yay!! Home again home again jiggety jig... Blimey – I never knew a 10 day trip to last so long. Although everyone was amazing [and I say this with restraint – they were bloody brilliant!! such good mates – eish!!] it was so, so good to see Aj at Bristol airport – it was like my heart was lifted. I knew that I could just be me, exhausted or not, grumpy, happy, slow, fast – whatever; Andrew just deals with me, and I was so relieved to be back and in his capable hands.

The Sunday I got home I literally slept the rest of the day – hello Mrs Boring! But I was totally shattered. We didn’t even look at photo until Monday! This is not normal for us. Anyway, Andrew dealt with everything, and I just acted like a block – well, what?? I felt like a bloody block!!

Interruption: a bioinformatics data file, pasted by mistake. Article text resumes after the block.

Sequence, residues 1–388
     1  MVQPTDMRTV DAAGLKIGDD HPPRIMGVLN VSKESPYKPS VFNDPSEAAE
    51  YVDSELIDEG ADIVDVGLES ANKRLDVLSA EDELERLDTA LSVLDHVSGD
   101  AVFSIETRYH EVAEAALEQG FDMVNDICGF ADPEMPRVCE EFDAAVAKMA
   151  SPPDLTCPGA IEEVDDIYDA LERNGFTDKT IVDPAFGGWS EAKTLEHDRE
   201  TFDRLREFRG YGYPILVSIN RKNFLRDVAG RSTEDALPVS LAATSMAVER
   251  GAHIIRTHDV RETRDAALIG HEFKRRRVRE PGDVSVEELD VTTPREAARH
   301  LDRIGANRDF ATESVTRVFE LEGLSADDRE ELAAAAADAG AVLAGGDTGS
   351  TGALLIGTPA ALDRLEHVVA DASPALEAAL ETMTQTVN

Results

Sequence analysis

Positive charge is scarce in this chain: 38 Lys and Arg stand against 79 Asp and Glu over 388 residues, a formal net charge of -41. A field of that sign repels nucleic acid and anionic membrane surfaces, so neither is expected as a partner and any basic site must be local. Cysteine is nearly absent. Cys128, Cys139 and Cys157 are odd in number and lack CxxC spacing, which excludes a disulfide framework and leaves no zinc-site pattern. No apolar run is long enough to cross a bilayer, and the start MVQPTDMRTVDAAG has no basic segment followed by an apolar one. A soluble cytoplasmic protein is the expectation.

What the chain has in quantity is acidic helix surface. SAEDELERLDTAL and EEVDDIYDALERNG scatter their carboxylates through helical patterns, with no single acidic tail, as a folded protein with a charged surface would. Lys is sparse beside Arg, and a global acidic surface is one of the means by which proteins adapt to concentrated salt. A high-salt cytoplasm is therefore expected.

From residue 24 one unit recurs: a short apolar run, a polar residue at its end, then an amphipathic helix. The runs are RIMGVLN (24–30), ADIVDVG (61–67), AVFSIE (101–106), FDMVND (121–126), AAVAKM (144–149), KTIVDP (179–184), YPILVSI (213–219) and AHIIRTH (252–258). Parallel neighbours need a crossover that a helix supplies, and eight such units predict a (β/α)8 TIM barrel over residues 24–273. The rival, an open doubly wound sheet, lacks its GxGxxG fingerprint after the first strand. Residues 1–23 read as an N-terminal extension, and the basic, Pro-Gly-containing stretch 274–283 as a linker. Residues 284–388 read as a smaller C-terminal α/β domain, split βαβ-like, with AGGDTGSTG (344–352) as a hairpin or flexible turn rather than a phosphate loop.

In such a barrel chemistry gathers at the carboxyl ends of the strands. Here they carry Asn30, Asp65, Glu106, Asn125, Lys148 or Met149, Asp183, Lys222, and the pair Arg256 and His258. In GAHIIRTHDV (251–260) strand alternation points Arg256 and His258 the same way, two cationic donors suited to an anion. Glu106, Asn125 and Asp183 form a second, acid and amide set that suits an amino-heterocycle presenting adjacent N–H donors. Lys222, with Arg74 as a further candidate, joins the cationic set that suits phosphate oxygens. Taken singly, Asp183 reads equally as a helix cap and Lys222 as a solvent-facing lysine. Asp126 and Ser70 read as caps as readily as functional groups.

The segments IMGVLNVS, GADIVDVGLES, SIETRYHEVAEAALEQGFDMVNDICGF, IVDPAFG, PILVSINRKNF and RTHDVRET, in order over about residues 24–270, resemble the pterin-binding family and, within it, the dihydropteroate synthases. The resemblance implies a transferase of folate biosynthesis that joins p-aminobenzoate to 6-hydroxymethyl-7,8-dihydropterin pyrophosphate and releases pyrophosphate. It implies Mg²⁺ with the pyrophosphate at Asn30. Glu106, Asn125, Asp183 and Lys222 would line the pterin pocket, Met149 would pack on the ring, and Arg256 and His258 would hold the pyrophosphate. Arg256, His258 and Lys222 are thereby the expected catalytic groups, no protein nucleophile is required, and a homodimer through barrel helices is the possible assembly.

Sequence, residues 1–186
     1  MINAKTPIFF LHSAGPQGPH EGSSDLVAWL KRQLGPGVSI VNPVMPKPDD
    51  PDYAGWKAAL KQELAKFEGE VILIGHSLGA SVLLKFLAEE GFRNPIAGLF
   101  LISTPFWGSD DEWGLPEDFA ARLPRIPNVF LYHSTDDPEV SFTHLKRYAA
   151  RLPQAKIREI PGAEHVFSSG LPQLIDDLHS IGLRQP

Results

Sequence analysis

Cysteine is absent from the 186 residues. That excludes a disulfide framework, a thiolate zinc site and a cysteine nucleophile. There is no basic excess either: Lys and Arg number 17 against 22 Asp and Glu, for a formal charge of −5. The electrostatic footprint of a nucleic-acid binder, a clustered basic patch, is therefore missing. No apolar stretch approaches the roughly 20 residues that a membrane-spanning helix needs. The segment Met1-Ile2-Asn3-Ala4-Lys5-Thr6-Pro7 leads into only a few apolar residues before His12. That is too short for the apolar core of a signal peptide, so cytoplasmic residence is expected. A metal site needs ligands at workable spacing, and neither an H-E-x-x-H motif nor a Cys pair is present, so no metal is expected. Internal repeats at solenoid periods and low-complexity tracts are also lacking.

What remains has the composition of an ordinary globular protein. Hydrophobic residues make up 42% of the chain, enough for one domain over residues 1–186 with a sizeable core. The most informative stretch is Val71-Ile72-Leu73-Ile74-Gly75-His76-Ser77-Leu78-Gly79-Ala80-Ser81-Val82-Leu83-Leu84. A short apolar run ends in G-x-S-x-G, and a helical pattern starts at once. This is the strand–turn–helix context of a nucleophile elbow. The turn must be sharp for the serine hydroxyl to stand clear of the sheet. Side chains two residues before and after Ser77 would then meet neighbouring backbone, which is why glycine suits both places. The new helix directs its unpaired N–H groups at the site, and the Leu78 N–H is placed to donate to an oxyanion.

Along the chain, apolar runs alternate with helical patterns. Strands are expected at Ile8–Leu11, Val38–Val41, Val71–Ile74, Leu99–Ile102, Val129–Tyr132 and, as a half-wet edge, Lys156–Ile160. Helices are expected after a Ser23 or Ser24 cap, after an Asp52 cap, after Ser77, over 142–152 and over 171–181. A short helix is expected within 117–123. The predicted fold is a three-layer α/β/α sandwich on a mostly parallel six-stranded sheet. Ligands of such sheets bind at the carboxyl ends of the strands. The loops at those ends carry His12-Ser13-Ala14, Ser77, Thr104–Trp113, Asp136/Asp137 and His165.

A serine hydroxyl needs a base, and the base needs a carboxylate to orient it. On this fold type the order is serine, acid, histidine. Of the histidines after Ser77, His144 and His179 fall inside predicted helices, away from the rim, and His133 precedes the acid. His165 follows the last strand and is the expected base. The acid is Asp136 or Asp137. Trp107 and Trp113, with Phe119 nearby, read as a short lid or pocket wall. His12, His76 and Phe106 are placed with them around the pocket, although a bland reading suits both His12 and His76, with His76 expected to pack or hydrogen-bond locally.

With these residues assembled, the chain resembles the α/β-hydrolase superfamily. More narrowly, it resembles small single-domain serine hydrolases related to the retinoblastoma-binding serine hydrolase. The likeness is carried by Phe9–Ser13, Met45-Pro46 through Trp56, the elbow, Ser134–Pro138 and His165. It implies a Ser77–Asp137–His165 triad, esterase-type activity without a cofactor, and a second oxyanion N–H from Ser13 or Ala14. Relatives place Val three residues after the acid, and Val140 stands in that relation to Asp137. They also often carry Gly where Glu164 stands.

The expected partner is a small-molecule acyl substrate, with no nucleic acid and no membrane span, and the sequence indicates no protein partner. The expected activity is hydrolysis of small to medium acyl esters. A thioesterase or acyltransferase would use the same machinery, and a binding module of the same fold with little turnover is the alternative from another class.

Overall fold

well, well, well! the Portugal work trip

Wednesday 17th September

The trip to Portugal; amazing. In many ways. Horrible in a few ways. I was totally horrified that I had to go - I really didn’t want to - the whole idea terrified me. Out of my ‘comfort zone’, not having Andrew with me, feeling totally exhausted and with no hair! Jesus! Pretty horrible, and not something that would normally be required of a person who had recently finished chemo. But as a freelancer - well, no choice. When you are told to go, you sort of have to. I got a letter from Dr Hong for the passport control people, and that seemed to work, although at one point I had to take off my baseball cap - but to be fair, the chaps were very, very kind – it was almost as if they didn’t want to ask me to take it off. So, of course that made it easier, and I went through with no problems. That didn’t really help my confidence though, even thought they were so nice. It’s crap to stand out like that. I didn’t wear the wig, as it boils my head and actually makes me feel more strange than wearing the cap. So.